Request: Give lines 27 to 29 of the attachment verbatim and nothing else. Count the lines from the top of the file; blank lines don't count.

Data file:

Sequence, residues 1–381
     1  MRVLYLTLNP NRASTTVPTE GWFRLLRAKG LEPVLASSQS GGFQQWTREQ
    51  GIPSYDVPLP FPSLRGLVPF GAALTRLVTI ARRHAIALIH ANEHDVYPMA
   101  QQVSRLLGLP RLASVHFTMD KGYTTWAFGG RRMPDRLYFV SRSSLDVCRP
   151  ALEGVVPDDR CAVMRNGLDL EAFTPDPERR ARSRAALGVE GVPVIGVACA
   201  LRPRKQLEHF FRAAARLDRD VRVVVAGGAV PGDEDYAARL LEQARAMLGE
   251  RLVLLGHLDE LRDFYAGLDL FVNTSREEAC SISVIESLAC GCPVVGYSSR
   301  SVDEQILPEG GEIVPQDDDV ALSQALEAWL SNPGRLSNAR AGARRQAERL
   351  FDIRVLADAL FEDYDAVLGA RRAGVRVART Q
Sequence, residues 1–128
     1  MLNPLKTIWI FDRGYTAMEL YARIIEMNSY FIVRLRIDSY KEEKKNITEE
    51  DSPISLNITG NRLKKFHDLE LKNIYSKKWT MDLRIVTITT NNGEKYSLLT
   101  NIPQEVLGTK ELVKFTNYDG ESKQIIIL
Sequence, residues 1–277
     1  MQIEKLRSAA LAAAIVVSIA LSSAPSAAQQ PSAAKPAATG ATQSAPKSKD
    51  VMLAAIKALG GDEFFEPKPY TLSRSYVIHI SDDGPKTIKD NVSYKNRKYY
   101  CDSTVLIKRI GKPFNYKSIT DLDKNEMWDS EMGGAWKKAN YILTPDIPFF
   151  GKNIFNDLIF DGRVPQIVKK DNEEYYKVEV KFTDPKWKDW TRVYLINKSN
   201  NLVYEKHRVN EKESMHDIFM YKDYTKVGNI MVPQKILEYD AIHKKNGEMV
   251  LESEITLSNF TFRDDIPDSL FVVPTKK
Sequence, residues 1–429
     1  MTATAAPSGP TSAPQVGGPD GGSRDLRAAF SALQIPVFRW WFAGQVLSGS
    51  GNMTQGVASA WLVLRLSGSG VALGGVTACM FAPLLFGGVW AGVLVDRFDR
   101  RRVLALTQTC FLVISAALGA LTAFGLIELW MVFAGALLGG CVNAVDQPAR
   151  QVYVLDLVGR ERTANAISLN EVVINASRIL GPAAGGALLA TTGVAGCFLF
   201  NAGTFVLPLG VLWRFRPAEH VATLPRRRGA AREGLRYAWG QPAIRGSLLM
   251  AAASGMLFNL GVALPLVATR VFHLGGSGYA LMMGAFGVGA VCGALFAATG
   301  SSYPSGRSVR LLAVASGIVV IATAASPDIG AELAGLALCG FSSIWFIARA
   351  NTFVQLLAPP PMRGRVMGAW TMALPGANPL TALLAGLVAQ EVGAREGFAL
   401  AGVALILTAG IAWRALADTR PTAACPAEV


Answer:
   251  AAASGMLFNL GVALPLVATR VFHLGGSGYA LMMGAFGVGA VCGALFAATG
   301  SSYPSGRSVR LLAVASGIVV IATAASPDIG AELAGLALCG FSSIWFIARA
   351  NTFVQLLAPP PMRGRVMGAW TMALPGANPL TALLAGLVAQ EVGAREGFAL